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State of IT Skills — From Myth to Reality

We are all acutely aware that the US is graduating fewer students with degrees in Science, Technology, Engineering and Mathematics (STEM). For example, in 2009, the U.S. graduated 37,994 students with bachelor’s degrees in computer and information science — fewer than 25 years ago.

What does that mean for the public sector? With set budgets and fewer incentives at its disposal, it has to work even harder to attract highly coveted IT staff. But many prospective employers in the public sector may be letting a few of the most common myths about IT skills keep them from striking employee gold.

Myth: IT skills are non-transferable
Although IT departments are often siloed by platform and technology, the skills employees gain working in a particular area can be applied more broadly. For example, while the benefits the IBM mainframe provides are unique, the skills required to support and program for it are less so. Once a programmer has the basic foundation of the systems and the principles of programming down, they can apply them to different languages like Java, C/C++ and COBOL. In short — programming is programming, no matter what platform you are using.

It wasn’t that long ago that music and psychology majors were considered good candidates for programming roles. Why? Because pattern recognition is a fundamental skill for programming and it is one that people in these disciplines are trained for as well.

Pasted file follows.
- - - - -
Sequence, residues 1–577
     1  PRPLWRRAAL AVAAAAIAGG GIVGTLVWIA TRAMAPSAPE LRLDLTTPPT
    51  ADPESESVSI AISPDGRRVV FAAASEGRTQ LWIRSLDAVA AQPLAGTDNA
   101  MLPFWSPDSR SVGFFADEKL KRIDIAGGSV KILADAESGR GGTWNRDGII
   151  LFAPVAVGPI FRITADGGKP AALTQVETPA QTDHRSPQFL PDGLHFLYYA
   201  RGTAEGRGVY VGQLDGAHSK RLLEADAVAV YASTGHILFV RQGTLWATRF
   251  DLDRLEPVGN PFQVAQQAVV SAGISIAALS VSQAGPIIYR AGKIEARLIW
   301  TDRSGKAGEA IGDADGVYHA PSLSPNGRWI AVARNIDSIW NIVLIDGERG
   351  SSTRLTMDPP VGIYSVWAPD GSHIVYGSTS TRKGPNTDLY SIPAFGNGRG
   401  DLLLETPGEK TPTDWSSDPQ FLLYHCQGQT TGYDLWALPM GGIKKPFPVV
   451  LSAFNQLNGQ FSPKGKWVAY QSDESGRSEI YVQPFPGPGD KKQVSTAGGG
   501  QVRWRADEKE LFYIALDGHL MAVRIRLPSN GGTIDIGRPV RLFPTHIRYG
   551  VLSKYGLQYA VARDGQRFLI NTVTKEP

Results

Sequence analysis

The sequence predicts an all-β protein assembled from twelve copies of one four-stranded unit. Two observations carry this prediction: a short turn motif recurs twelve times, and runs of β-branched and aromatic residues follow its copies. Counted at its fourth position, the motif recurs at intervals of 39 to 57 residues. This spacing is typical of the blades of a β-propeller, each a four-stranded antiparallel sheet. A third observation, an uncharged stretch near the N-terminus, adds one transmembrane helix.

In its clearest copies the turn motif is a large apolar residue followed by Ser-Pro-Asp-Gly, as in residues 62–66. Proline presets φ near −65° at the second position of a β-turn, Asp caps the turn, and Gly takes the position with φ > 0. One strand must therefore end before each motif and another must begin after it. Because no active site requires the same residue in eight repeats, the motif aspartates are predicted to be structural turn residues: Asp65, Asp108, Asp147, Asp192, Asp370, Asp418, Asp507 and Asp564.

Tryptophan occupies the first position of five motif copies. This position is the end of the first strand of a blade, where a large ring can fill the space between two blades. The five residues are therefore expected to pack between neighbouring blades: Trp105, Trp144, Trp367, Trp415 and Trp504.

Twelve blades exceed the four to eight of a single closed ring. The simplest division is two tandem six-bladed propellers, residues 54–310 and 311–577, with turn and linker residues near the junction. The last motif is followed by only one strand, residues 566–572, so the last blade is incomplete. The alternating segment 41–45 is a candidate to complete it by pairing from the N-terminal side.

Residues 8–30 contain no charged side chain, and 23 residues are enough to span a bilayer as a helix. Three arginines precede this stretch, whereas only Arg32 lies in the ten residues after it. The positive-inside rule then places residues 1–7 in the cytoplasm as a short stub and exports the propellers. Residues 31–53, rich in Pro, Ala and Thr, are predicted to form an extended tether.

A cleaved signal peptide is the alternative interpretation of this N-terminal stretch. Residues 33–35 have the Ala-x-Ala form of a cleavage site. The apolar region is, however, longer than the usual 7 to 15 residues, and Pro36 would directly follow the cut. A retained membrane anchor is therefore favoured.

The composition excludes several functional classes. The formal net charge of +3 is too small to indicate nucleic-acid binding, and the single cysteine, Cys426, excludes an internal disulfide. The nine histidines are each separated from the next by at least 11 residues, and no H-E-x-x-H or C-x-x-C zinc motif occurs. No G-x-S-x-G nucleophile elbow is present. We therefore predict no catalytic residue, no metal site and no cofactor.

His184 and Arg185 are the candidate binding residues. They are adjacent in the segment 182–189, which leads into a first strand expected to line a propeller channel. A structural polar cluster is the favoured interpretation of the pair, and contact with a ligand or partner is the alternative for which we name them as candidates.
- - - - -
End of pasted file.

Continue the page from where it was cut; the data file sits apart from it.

Myth: Experience is job one
As any job seeker knows, just about every open job description includes parameters for required years of experience. Many employers are reluctant to hire graduates right out of college. But the truth is, recent IT graduates bring fresh energy and newly minted skills in hot areas like social business, mobile computing and cloud that can benefit their entire department. And given the rate of technology change, IT staff is always learning and evolving. Recent graduates can learn as fast as any other worker.

Myth: Academia is an Ivory Tower
Through its Academic Initiative, IBM has observed that universities are eager to team with prospective employers to ensure a healthy job market for their graduates. We regularly attend meetings hosted by University partners with enterprise clients. For example, Robert Morris University in Pittsburgh, PA recently hosted a meeting to get input on its new Enterprise Systems Degree Programs from prospective employers PNC, BNY-Mellon, Highmark, UPMC, Bayer, K&L Gates and Blue Cross Blue Shield – South Carolina. So if you have a skills requirement, let your local university or community college know about it.

Like any organization, those in the public sector need talented employees to be successful. By changing their thinking, employers can get the skills they need to meet their goals.

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